I recently shot my sister-in-laws wedding for the bridal party preparations, a good day was had by all and I've got a good number of shots I'm really happy with.

Unfortunately there is a group of three shots that I'm not overly happy with. The composition and grouping of the people is ok (in my opinion at least) but when I shot them I underexposed the subjects, initially I thought I'd left enough exposure and detail in for it to be a correct exposure with a little work but I'm not entirely happy with the result. This is the initial image Initial Image

And this is it post editing, I feel like the subjects are still a bit muted and subdued.

Same image post tweaks

I've added a gradient filter to the bottom and used a color range mask to limit the changes to just the people I'm just stuck for how best to make them look a bit brighter.

I already have several ideas as to how I could've done the shot better from using an off-camera flash to exposing more for the subjects than the backdrop so I'm not looking for shooting advice just editing. Also there are two other shots however the backdrop and setting are the same it's just the subjects that change.

My questions are:

  1. Can I save the image anymore than I have?
  2. How if so?

Limitations are it has to be in Lightroom, I have the Photoshop suite but I'm not overly confident or comfortable in using it.

Raw file can be found here

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    \$\begingroup\$ Looks like you've managed to do a fairly decent first try at it. One of the things that's going to complicate doing much better is that the lower exposure zones have fewer bits dedicated to them for details than do the higher zones, so if you boost the dark areas too much you get posterization, false colors, noise and a number of other issues. You could in this case maybe leave the fixed dark areas as they are, but darken the still-bright background a bit to reduce the strong contrast - that might or might not improve the overall look. \$\endgroup\$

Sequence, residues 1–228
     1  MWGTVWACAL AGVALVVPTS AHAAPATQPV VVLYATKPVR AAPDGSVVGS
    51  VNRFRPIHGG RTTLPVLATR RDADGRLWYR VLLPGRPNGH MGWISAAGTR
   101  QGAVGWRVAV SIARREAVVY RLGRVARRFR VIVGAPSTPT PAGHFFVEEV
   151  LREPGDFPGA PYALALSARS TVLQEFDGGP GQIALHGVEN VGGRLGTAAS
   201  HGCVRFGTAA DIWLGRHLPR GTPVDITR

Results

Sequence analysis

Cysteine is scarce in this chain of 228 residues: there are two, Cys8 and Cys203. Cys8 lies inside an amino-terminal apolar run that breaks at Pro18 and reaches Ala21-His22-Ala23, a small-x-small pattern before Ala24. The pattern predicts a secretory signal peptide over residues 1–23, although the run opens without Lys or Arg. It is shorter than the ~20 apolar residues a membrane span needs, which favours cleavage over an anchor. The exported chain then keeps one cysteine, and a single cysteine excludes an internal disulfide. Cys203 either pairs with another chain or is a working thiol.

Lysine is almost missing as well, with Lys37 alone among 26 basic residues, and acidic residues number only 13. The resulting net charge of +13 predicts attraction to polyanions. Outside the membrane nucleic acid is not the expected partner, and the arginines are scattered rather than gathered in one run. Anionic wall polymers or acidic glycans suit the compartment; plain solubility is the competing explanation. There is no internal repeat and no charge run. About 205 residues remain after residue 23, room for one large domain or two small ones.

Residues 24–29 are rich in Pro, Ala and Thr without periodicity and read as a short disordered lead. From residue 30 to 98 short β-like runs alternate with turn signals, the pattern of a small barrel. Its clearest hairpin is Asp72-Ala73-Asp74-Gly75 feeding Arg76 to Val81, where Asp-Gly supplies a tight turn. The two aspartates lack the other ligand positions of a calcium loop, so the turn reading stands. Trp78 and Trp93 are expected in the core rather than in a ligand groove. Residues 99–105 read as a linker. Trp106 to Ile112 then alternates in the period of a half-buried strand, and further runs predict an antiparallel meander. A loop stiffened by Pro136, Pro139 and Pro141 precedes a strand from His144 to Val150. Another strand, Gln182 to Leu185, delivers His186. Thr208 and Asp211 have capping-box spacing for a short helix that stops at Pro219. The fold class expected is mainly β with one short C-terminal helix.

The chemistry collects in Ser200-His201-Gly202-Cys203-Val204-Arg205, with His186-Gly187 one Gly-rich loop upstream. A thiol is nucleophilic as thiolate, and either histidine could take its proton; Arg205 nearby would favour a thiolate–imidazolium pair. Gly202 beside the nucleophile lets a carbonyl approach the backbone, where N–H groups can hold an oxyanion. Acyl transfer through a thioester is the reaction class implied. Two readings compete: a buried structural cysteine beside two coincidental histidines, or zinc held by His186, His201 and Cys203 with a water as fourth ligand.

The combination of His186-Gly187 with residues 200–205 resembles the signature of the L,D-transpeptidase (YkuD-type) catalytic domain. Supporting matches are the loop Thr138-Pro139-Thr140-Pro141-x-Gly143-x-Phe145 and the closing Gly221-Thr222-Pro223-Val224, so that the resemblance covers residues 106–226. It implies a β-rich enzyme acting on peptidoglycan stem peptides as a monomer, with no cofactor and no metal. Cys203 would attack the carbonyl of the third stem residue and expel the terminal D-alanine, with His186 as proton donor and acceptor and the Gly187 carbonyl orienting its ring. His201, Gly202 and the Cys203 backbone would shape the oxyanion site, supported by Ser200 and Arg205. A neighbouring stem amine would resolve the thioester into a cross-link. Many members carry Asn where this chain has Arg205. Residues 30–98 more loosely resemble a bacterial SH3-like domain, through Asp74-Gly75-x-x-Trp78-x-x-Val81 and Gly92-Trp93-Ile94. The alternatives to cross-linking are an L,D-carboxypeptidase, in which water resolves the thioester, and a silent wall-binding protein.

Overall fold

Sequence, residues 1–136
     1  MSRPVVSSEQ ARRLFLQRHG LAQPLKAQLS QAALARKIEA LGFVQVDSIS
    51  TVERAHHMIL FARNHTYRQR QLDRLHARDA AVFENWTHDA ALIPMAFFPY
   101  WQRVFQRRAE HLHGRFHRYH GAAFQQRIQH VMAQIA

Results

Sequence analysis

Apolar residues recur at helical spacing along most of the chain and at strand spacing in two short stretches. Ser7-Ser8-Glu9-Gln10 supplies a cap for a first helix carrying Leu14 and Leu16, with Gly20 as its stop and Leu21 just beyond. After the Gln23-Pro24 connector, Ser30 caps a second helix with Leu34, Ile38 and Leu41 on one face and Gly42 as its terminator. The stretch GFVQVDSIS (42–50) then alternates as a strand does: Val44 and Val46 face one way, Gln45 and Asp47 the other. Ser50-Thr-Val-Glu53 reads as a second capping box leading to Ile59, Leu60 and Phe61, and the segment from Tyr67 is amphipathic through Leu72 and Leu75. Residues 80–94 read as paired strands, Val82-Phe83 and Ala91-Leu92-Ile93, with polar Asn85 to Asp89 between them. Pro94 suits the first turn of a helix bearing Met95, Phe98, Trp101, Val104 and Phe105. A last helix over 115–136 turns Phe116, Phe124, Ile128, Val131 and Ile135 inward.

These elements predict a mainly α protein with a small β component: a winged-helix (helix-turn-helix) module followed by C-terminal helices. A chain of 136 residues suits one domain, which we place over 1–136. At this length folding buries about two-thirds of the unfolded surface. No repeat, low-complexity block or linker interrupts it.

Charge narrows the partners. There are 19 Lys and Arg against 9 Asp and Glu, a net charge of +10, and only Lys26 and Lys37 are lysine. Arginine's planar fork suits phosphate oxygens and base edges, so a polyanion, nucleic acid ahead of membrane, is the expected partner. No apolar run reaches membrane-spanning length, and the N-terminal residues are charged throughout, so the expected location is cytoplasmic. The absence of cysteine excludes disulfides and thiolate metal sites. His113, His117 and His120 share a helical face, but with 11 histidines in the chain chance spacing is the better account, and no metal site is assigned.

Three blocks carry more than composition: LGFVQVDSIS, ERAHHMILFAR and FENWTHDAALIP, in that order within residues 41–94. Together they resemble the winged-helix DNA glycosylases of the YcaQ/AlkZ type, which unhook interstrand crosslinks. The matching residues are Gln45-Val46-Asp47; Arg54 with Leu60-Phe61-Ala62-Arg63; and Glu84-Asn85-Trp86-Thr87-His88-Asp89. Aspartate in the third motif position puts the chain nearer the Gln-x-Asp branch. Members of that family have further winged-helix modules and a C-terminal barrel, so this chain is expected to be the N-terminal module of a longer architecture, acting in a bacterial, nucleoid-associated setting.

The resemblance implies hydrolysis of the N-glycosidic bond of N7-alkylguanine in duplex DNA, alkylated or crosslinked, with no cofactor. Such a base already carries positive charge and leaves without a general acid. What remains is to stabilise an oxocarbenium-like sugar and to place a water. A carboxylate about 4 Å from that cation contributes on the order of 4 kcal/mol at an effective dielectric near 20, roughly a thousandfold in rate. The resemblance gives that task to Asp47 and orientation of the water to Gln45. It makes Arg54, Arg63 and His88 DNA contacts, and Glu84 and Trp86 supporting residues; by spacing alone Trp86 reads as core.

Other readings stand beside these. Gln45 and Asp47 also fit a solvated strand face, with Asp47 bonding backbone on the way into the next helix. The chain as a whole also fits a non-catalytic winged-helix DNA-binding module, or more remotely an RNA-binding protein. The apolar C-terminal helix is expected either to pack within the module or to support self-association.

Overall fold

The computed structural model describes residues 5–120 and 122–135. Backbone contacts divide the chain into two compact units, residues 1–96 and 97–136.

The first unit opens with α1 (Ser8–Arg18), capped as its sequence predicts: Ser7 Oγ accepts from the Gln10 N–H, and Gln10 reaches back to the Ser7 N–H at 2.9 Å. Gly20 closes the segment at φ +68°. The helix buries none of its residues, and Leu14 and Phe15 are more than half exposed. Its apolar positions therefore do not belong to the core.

– twalberg
    Aug 10, 2018 at 15:19
  • \$\begingroup\$ Are you opposed to forcing this to be black and white? The problems that'll creep up as @twalberg mentions can be "hidden" by the bw conversion \$\endgroup\$
    – OnBreak.
    Aug 10, 2018 at 15:40
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    \$\begingroup\$ This is too short to be an answer, but you're looking for a technique called exposure fusion. \$\endgroup\$
    – Blrfl
    Aug 10, 2018 at 16:35
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    \$\begingroup\$ Another side note, that will not help you either. Next time use a flash inside. Probably bounced on the ceiling or a wall. :o( \$\endgroup\$
    – Rafael
    Aug 10, 2018 at 19:13
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    \$\begingroup\$ Converting from NEF to DNG might have stripped out the masked pixels and baked in the black point (it certainly does when converting Canon .cr2 to .dng), as well as other 'maker notes' information that some raw developers could use to get a better result. But with LR there's no real advantage to an NEF over a DNG because Adobe products ignore all of the stuff that gets stripped out of the NEF when it is converted to DNG using the Adobe DNG convertor. \$\endgroup\$
    – Michael C
    Aug 12, 2018 at 6:20

4 Answers 4


Is this a RAW image by any chance ? If so I'd probably first approach this by generating -2 stop and +2 stop images (as virtual copies) and do an HDR composite. You'll need to be heavy on the NR and color noise reduction, and use sharpening only with the built in filtering (threshold). Beware of overly compressing the image as it is already low contrast. Sometimes a bit of jockeying with the clarity setting and dropping the black / shadow level some can reduce the low contrasty look you get when you boost the light this much. What works for me in these situations is a flattish curve with boosted ends at the top and bottom. Another approach is make a few more virtual copies and try something completely different than what you did before. Starting over sometimes helps you find a different way.